A: Yes. Email is good for brief, factual questions. Don't expect an immediate reply; 2-3 days is typical during term-time, and a week (or sometimes longer) is typical during the summer. If you want to discuss your plans in general, or you want feedback on an application, come see us during office hours. We will give essay feedback via email only during the summer time and only if you are unavailable to meet in person or on the phone. Questions regarding elligibility or other details of particular grants are best directed to the grant body (in many cases OCS).
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Please Help With OCS Application Essays! - English Forums 12 Apr 2007 I'm applying for Office Candidate School (OCS) so there are two essays I need to Essay: I have ...
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A: Just email your professor or ask her in person. (Asking by email is just fine; there's no need to wait until you can speak in person.) If appropriate, remind her the context in which she knows you (e.g., "I took your Science A-45 course last spring"), explain what you're applying for, and let her know the deadline. Once your referee agrees, it may be helpful to send a copy of your resume, transcript if appropriate, and a draft of your essay and/or proposal. (Some recommenders find that very helpful; others won't use it at all.) Include very clear instructions regarding when and where to submit the letter. If the letter is to be submitted directly to the fellowship committee, it is very helpful to provide a stamped, addressed envelope (this also makes sure that the address gets filled in correctly). For fellowship competitions administered by OCS, you can just get a University Mail envelope from the superintendent's office or your department secretary. Sometimes, a professor will just put her letter in an envelope, seal it, sign across the seal, and return the letter to you to submit along with your parts of the application. This is a common practice, so it won't be unusual if a professor hands her letter to you in an envelope (they trust you not to open it), and don't feel bad asking for it.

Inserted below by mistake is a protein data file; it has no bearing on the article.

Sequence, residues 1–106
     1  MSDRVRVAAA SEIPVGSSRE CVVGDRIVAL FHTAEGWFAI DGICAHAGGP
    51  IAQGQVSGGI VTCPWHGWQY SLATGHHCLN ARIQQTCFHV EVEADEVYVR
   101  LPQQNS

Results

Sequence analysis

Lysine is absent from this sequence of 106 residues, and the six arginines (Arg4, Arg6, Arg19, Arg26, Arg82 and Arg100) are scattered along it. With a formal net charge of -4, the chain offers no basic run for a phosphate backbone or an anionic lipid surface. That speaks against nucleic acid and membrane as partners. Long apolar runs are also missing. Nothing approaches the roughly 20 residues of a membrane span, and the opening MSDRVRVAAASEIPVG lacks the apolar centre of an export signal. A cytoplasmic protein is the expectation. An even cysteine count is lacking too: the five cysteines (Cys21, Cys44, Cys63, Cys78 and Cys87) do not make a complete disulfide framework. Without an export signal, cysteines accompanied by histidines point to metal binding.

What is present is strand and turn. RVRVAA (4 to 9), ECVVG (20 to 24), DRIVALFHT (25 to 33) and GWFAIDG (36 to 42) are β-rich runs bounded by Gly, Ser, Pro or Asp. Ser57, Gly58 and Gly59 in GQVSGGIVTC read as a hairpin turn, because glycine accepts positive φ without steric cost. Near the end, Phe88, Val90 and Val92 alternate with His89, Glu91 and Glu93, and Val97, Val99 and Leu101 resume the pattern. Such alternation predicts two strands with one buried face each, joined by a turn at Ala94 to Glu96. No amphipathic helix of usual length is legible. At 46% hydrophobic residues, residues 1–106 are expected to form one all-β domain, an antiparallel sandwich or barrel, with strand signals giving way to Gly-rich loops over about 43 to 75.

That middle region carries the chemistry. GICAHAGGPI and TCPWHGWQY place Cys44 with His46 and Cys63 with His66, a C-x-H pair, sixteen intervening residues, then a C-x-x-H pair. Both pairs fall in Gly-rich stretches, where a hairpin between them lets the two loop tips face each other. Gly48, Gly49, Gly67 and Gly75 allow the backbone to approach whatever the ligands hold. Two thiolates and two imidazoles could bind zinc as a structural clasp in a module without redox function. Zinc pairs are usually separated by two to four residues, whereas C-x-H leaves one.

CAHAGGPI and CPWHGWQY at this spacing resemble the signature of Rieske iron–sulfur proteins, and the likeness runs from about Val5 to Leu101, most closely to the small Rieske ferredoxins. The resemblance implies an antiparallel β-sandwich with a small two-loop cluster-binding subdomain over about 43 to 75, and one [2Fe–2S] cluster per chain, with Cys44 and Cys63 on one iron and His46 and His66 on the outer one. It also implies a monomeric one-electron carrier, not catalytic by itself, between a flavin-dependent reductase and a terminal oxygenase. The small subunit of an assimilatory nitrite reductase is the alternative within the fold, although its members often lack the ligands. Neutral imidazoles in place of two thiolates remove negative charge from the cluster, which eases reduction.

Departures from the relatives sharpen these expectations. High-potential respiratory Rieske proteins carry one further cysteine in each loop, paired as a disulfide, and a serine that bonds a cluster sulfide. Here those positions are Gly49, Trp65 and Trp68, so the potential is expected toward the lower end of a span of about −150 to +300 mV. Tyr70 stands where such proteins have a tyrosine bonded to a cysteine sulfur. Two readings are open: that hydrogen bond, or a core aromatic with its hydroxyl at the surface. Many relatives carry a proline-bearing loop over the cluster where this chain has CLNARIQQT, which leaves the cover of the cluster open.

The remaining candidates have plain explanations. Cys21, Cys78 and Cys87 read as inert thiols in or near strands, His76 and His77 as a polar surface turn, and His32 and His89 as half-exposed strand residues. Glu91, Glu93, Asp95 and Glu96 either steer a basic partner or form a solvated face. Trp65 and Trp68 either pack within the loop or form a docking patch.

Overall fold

It is polite to request your letter at least two weeks before she has to submit your letter. 3-4 weeks is preferable. If you ask less than two weeks before the deadline, be very apologetic and realize that you are calling in a favor (the exception to this is when the professor has previously written you a letter and can use the same one with little to no modification).
Have your professor notify you when the letter is submitted! It is definitely acceptable (and usually very necessary) to remind your professor several times during the days prior to the deadline. A few faculty do these well in advance, but most don't.